Monk: Any idea what kind of smoker they are working with here?

Speedy: No, but I have to assume it was a gasser, just based on the space the occupied. Not sure where they’d fit a stick burner in a crowded Chicago neighborhood.

Overall, the Smoke Daddy puts out a nice product. I think they purposefully feature the sauce in all of their dishes, which I think is a bit of a shame, as I think they do a good job with their smoke. So if you find yourself in Chicago with a hankerin’ for ‘cue, you could do worse than the Smoke Daddy

Ratings:
Atmosphere/Ambiance – Not rated (outdoor patio was nice, but I never went inside)
Pork – 3 hogs
Burnt Ends – 3 hog
Ribs – 3.5 hogs
Sides – 2 hogs
Overall – 3 Hogs
Smoke Daddy Menu, Reviews, Photos, Location and Info - Zomato

Linkdown: 6/14/17

– The latest in the News & Observer Good Eatin’ series is a look at B’s Barbecue in Greenville

At some point in the late ’80s, the road on the side of the restaurant took on its name, but spelled “B’s Barbeque Road” with a “q.” To little surprise, the sign has gone missing several times. B’s Barbeque Road is the first left turn when coming into Greenville from the west on U.S. 264.

– City Barbeque opens its University location June 19 with a grand opening party on June 24

– The NC Blueberry Festival BBQ Cookoff, part of the Whole Hog Barbecue Series, is this weekend in Burgaw

– Bacon-wrapped bacon:

– Marie, Let’s Eat! finds some decent barbecue in Chattanooga in Big Jeff Barbeque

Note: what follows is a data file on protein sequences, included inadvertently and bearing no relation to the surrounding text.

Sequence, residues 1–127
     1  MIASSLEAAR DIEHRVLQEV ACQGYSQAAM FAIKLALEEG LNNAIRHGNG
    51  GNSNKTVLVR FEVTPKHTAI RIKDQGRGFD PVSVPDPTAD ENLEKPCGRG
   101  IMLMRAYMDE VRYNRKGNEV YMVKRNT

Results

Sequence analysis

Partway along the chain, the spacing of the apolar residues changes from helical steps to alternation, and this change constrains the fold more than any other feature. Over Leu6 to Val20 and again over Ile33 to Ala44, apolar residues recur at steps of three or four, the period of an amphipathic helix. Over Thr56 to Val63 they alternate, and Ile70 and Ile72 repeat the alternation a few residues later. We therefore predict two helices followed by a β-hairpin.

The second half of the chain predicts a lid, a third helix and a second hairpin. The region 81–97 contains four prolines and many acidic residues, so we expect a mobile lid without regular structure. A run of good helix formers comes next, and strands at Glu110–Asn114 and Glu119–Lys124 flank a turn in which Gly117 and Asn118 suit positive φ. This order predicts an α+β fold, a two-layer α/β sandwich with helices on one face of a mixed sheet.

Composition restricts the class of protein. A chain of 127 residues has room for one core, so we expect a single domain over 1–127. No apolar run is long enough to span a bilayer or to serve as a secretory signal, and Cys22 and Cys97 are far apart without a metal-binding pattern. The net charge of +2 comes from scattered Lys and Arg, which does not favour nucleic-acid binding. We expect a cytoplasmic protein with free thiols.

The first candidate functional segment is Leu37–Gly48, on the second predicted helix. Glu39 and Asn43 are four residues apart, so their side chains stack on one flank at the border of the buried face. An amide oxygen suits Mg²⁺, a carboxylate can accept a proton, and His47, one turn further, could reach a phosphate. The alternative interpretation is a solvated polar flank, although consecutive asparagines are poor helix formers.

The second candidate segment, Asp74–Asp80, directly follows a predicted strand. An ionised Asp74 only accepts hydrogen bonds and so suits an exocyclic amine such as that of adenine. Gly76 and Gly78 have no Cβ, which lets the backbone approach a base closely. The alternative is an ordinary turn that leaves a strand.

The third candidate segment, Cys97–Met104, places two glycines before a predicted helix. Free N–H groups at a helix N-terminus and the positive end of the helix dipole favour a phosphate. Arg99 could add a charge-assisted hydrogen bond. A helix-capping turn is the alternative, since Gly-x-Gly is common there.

– Zagat’s and The Huffington Post has 12 pitmasters you need to know as part of their BBQ Nation microsite

– The Chicago Tribune is updating daily in June for 30 days of Chicago barbecue

– Robert Moss will be part of a hash panel in Greenwood, SC on July 7

The making of kettle-cooked hash is a culinary tradition unique to the Palmetto State, according to food and drink writer and culinary historian, Robert F. Moss.

“It’s something you can only get in South Carolina,” Moss said. “It’s one of the great barbecue stews. It’s sort of like a really delicious, thick, slow-simmered meat gravy.

“It really developed in South Carolina as part of fall hog-killing time, as a way to use up all the pieces and parts of the hog,” Moss added.

– SC is home to 4 different barbecue sauces: here’s recipes for each

– Happy belated Bojangles Day, you guys!

Linkdown: 1/18/17

– Backyard BBQ Pit is listed on Eater’s 10 Indispensable Durham Restaurants

– Also from Eater Charleston, Fiery Ron’s Home Team BBQ makes the winter edition of the Essential 38

– Gotta say, I know pretty much nothing about East Texas-style barbecue which is primarily “ribs and links” joints

– Which is not actually too dissimilar from Chicago-style, whose “holy trinity’ is ribs, rib tips, and hot links

– Marie, Let’s Eat! tries Lil’ Choo Choo BBQ in the Tennessee capital

– Clark’s Barbecue is reviewed by the Greensboro News & Record’s Go Triad blog (our review here)

– Charlotte-based food truck OooWee BBQ will be opening a brick and mortar location in downtown Pineville

– Want to turn barbecue into a breakfast item? Put an egg on it, according to BBQ Hub.

– The barbecue’s not great (our review here), but that shrimp burger is legit

Linkdown: 8/10/16

– Speedy Lohr’s in Lexington has finally reopened, nearly a year after a fire forced it to close

– Daniel Vaughn of TMBBQ writes a eulogy for the barbecue joint, including Grady’s

We all know that barbecue is growing, but a reminder is in order. As we pointed out last year, the independently run, counter-service barbecue restaurant numbers are shrinking. Those are the barbecue joints. When they’re gone, they’re gone.

– Missed this last week, but Jim Shahin had a SC barbecue primer in addition to the “future of barbecue” article I linked to